Second, although that ruling was sufficient to grant State Auto’s motion, the court went further, finding that the allegations in the underlying complaint did not give rise to an “occurrence” and, that, “likewise,” the policy’s intentional acts exclusion applied. As a threshold matter, the court noted that the underlying allegations of sexual abuse “involve intentional, rather than accidental, conduct,” and that, “the exclusion for intentional acts would be applicable if coverage were otherwise available, as any ‘bodily injury’ was ‘expected or intended from the standpoint of the insured.’”

That, alone, however, did not answer “[t]he more difficult question . . . whether [the plaintiffs’] claims of negligence against Responsible Pain assert an ‘occurrence,’” because, under applicable law, that question had to be determined “when viewing the facts from the standpoint of the insured.” To answer that question, the court considered two earlier West Virginia district court decisions. In one (USF Ins. Co. v. Orion Dev., 756 F.Supp.2d 749 (N.D. W. Va. 2010), “[f]ollowing a fact-specific examination of the underlying allegations, the court concluded that, from the perspective of the insured, ‘the sexual molestation…was not deliberate, intentional, expected, desired or foreseen’ and was therefore ‘an accident’.” In the other (State Farm Auto. Prop. & Cas. Ins. Co. v. Edgewater Estates, Inc., 2010 WL 1780253 (S.D. W. Va Apr. 29, 2010), the court held that a “negligent hiring claim seeking to hold an insured entity liable for the sexual misconduct of an agent did not constitute an ‘occurrence’ because the underlying conduct was intentional.” Here, the court found that the underlying complaints did not allege an “accident” or an “occurrence,” and reinforced that position with the fact-specific examination of the case and the observation that the “structure of Responsible Pain,” specifically, the fact that Gordinho, the alleged perpetrator of the sexual abuse, was “the sole owner, officer, and founder” of Responsible Pain, “belies any suggestion that Responsible Pain, as an entity, acted negligently with respect to its handling of Mr. Gordinho’s intentional conduct.” On that point, the court also noted that both Responsible Pain and Gordinho were named insureds under the policy issued by State Auto.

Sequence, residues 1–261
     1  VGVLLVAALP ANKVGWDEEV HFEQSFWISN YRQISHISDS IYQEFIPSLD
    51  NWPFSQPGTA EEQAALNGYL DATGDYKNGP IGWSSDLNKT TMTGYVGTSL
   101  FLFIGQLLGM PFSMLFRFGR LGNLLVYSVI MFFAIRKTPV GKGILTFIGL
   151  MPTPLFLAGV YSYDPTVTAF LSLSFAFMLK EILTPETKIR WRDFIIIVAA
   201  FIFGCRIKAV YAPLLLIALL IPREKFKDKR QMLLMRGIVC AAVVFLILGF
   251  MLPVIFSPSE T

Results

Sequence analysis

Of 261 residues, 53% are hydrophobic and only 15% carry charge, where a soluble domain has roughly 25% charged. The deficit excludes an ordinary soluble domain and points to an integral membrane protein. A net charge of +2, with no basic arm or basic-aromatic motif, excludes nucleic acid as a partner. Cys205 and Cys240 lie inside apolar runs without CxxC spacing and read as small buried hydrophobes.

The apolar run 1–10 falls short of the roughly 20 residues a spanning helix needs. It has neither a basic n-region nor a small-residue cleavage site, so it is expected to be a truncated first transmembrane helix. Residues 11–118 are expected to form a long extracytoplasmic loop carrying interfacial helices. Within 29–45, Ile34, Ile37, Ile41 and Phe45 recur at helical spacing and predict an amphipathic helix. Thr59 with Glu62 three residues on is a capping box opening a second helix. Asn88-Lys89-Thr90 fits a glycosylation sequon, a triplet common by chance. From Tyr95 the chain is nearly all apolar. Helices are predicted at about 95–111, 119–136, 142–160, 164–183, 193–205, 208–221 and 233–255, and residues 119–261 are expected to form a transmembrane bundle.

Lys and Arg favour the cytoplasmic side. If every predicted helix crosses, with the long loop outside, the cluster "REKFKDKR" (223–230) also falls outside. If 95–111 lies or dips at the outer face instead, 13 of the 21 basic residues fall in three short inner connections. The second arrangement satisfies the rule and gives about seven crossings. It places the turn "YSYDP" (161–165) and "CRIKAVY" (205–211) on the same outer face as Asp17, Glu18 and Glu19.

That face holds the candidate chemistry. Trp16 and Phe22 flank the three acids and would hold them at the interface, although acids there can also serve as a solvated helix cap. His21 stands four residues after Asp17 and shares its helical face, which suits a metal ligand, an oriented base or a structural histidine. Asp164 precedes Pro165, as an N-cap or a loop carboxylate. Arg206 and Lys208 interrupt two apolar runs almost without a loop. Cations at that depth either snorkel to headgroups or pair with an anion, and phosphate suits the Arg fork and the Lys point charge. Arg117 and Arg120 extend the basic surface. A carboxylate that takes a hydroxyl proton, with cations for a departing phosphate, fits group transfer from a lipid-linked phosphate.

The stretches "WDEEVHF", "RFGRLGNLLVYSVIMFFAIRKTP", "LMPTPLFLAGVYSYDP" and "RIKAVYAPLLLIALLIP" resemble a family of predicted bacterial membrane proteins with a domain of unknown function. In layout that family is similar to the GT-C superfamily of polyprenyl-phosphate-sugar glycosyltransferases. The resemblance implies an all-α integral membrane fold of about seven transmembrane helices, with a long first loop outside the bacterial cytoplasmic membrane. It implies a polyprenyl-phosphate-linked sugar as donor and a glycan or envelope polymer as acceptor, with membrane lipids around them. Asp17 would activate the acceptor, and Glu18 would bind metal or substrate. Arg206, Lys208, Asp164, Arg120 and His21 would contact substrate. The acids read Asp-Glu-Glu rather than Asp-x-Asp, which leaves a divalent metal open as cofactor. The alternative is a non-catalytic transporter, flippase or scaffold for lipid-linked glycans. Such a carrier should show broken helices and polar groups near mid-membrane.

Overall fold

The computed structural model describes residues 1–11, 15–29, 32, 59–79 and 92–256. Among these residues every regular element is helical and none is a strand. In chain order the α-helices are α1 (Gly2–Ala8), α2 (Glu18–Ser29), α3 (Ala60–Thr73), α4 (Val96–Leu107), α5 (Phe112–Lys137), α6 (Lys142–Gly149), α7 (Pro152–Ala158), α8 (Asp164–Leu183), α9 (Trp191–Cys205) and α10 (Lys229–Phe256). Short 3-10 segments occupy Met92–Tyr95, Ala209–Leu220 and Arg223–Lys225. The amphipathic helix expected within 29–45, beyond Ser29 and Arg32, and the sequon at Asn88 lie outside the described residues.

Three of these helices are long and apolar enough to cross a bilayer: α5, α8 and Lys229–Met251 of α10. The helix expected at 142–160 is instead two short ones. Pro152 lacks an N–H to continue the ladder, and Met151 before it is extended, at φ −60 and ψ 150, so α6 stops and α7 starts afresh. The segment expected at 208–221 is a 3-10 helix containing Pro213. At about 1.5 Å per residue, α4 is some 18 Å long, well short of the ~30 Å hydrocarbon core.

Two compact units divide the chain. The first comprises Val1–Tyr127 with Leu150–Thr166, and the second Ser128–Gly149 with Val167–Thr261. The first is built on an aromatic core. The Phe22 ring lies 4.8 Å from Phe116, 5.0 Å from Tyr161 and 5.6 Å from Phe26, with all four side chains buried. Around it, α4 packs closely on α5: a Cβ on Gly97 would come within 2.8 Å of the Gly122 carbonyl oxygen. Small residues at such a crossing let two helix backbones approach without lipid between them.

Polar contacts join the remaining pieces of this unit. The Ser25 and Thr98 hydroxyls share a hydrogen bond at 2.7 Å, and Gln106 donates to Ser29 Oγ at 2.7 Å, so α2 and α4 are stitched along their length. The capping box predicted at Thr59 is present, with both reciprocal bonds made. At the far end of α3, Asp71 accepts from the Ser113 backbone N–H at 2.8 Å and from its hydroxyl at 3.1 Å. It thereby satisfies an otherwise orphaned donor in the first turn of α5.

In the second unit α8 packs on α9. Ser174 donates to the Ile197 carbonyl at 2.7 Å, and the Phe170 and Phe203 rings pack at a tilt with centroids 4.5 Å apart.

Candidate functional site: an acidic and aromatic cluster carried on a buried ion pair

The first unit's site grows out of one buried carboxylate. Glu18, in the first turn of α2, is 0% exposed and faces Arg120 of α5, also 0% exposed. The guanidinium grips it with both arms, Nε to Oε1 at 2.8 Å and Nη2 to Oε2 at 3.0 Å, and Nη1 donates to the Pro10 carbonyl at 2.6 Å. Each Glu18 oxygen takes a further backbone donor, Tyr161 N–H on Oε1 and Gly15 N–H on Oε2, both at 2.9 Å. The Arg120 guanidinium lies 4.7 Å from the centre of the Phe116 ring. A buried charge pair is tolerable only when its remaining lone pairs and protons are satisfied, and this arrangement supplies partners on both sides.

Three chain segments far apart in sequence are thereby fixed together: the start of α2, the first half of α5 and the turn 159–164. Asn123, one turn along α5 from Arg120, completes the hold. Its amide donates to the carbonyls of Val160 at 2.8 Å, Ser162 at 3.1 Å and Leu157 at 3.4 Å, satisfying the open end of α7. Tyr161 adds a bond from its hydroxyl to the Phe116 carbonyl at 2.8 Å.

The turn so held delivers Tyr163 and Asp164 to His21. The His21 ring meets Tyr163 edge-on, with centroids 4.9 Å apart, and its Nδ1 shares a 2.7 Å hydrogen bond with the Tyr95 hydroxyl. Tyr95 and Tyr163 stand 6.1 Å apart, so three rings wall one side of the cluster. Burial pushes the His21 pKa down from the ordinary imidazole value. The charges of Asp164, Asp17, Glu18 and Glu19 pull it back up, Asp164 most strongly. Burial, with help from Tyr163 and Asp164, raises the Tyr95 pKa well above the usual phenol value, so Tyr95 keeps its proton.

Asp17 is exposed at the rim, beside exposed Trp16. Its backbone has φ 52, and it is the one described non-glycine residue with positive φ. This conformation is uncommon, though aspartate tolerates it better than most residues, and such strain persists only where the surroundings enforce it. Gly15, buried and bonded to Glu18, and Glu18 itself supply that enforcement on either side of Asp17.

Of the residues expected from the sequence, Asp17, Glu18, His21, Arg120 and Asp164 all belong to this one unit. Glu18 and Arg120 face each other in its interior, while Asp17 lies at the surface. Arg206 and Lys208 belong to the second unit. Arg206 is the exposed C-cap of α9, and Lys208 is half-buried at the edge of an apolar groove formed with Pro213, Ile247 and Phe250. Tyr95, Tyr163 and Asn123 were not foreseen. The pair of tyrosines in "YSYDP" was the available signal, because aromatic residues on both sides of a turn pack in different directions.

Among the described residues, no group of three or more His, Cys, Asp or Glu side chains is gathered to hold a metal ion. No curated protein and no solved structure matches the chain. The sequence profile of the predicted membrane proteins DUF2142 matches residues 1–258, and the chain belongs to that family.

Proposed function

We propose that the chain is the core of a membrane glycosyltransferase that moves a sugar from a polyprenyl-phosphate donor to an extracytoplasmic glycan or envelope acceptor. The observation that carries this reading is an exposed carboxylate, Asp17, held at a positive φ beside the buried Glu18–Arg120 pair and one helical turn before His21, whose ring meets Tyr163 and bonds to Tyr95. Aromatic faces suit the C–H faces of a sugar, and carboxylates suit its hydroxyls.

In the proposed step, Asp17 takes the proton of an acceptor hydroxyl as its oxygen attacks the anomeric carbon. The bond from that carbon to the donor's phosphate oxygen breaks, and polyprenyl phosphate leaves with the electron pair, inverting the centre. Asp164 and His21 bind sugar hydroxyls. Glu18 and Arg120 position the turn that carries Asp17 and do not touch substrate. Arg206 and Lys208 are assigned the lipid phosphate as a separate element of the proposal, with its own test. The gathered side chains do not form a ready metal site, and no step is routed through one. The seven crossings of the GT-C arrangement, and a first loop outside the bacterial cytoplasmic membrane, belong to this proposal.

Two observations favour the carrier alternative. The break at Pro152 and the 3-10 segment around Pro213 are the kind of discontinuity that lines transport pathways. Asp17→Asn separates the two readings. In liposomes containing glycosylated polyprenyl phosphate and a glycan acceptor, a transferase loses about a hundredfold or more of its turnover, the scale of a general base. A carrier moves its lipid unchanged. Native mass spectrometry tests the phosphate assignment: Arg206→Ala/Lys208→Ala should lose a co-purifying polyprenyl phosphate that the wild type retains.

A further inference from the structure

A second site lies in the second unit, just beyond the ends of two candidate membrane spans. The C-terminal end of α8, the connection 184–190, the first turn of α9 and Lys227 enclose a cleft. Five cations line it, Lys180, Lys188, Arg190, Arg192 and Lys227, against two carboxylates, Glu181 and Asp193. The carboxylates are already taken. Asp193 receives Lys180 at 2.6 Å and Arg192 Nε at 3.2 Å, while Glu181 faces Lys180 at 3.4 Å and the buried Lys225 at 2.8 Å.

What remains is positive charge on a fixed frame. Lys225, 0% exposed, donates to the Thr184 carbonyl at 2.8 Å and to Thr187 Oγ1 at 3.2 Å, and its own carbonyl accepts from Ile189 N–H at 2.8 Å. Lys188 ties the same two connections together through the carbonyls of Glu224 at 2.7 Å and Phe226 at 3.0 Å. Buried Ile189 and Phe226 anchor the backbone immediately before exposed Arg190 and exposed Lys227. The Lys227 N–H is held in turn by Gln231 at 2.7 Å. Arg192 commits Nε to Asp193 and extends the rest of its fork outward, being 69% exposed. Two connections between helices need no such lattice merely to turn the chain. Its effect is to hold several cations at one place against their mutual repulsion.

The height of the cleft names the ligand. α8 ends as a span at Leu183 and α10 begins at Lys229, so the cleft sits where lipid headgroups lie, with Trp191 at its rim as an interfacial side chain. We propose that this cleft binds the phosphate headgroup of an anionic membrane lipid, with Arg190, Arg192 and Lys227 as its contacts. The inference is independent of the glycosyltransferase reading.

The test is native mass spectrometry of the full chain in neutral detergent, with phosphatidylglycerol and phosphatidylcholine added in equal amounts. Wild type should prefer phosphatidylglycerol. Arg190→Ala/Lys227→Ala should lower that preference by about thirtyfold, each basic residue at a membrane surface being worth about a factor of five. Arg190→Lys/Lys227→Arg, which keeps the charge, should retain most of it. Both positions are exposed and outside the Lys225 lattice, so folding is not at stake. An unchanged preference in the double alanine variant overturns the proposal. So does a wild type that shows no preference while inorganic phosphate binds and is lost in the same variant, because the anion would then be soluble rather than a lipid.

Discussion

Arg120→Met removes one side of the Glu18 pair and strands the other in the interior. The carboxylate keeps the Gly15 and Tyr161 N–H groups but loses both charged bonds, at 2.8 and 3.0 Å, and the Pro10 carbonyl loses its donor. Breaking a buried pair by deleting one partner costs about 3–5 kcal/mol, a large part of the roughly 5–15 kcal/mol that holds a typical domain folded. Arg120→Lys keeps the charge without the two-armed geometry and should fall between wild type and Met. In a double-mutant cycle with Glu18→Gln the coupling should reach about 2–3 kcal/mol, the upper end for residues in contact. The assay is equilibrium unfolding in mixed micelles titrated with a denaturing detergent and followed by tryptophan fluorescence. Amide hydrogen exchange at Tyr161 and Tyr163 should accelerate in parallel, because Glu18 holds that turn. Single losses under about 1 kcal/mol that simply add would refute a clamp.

On appeal, the Fourth Circuit affirmed in an unpublished per curiam ruling, rejecting Responsible Pain’s arguments that the claims were “reasonably susceptible” to coverage because an insurer’s duty to defend is broader than its duty to indemnify, and that, “although physical injuries were not pled . . . , upon further investigation, it would be possible that there would be a physical manifestation related to a psychological injury.” 

For more information, please contact the professional(s) listed below, or your regular Crowell & Moring contact.

Harry P. Cohen
Partner – New York
Phone: +1 212.803.4044
Email: hcohen@crowell.com
Laura Foggan
Partner – Washington, D.C.
Phone: +1 202.624.2774
Email: lfoggan@crowell.com
Mark D. Plevin
Partner – San Francisco, Washington, D.C.
Phone: +1 415.365.7446, +1 202.624.2801
Email: mplevin@crowell.com
Michael K. Robles
Partner – New York
Phone: +1 212.803.4035
Email: mrobles@crowell.com
Kelly H. Tsai
Senior Counsel – New York
Phone: +1 212.803.4069
Email: ktsai@crowell.com